New Delhi Municipal Council’s (NDMC) seven-year battle to auction the premier Taj Mansingh Hotel in Lutyens’ Delhi finally ended Friday, with the Tata group retaining the right to run the property, albeit at a much higher rate.
“The Tata group’s Indian Hotels Company Limited (IHCL) has retained the property at a license fee of Rs 7.03 crore per month, including GST or 32.50 per cent of the gross turnover of the property. Earlier, they were paying Rs 3.94 crore per month as license fee,” a senior NDMC official said.
The civic body had been trying to auction off the property since 2011, when the 33-year lease given to IHCL ended, and after which it was given nine extensions between 2001 and 2017. During this period, NDMC’s revenue share was around 17.5% of the gross revenue. Prior to it, IHCL paid 10.5% of its gross revenue to NDMC.
Taj Mansingh was a unique joint venture between NDMC and IHCL, where land and construction cost was borne by NDMC, and IHCL was responsible for operating and maintaining the hotel.
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The 11-storey premier property is spread across three acres and was constructed in 1978 to house delegates of the Pacific Area Travel Association Conference.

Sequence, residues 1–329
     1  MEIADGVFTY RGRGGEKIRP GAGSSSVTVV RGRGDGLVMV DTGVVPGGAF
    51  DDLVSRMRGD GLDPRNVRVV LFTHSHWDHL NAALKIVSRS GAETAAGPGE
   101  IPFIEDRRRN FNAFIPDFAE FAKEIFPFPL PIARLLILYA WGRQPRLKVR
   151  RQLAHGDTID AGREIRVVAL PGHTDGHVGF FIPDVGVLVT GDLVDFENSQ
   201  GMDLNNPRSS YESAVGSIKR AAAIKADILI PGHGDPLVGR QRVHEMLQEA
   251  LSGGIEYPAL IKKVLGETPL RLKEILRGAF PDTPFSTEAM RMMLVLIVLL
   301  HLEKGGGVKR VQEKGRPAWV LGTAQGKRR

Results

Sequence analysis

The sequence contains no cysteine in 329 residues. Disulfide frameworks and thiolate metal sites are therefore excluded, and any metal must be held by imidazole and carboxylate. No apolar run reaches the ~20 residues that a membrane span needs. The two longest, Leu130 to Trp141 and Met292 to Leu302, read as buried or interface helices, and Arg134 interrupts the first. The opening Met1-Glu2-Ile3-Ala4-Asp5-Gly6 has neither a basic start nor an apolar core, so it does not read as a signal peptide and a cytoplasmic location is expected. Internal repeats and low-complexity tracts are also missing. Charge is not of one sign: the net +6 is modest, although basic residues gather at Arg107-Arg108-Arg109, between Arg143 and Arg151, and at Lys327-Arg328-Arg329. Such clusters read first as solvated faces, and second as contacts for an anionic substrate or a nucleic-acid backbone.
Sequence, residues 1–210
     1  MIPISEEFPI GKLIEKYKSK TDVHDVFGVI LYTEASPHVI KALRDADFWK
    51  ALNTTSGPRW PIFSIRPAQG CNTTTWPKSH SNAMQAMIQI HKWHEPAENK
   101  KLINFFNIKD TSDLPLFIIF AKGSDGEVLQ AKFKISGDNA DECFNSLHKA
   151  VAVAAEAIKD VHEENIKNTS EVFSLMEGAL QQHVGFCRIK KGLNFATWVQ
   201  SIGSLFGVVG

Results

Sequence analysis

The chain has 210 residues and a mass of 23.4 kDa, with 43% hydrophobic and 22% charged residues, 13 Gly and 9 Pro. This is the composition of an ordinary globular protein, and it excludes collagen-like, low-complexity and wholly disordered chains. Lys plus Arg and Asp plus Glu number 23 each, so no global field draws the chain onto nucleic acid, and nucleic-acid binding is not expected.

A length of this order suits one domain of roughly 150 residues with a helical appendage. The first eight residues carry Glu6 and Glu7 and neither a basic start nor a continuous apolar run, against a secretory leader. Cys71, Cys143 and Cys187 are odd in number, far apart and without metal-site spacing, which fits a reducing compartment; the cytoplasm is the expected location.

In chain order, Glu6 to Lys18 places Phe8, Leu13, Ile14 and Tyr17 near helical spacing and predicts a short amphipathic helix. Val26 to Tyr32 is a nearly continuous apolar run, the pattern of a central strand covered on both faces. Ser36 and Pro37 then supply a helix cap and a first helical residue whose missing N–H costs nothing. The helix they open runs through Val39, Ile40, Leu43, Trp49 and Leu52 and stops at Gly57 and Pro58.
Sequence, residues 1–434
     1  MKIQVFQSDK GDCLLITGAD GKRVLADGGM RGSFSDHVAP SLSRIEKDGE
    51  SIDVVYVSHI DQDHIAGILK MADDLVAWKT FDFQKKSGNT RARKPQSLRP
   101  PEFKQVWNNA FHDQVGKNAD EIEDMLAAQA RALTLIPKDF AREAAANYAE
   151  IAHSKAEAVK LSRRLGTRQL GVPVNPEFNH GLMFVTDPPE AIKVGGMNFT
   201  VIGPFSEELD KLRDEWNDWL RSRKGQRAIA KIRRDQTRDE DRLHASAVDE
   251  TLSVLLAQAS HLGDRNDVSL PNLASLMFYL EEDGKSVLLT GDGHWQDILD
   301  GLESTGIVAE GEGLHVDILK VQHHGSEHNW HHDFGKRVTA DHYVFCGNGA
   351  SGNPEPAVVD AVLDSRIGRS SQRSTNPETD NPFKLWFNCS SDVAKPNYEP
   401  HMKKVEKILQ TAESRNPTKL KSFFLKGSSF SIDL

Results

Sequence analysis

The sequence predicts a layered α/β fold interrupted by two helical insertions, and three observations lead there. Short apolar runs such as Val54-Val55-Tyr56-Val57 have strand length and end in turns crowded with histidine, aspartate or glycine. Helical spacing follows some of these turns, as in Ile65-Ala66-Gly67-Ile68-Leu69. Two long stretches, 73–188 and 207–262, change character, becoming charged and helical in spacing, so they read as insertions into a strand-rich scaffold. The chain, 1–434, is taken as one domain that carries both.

IHCL moved the Delhi High Court in April 2013, asking that NDMC be restrained from the property after an NDMC committee refused to renew the hotel’s license for another 30 years.
IHCL had sought weightage in the e-auction process for its unblemished record in running the hotel. NDMC, however, wanted a higher revenue share. The order of the single judge in Delhi High Court was challenged and placed in front of a division bench, which did not give any relief to IHCL either. In June this year, the Supreme Court finally gave NDMC the final go-ahead for the auction.
The process of auction, however, was not smooth and had to be put off twice as the civic body did not get minimum three bids required to go ahead with the auction.
After the first auction, held on January 30, failed to attract the requisite number of bidders, NDMC floated a tender with less stringent technical conditions — scheduling an auction for June 19.
This, too, attracted only one bidder, IHCL, and had to be annulled on June 14. However, there was no further relaxation on the conditions in the current tender.
After the failed attempts, NDMC last month relaxed the eligibility criteria for bidders, reducing the minimum number of bidders from three to two, and the turnover eligibility from Rs 400 crore to Rs 350 crore. The decision was taken at a council meeting presided over by Chief Minister Arvind Kejriwal.
“The auction was fought with a rival group, ITC, also bidding for the hotel. It was retained by the same group on a higher rental, as per market determined price, in an e-auction,” said an NDMC official responsible for the process.
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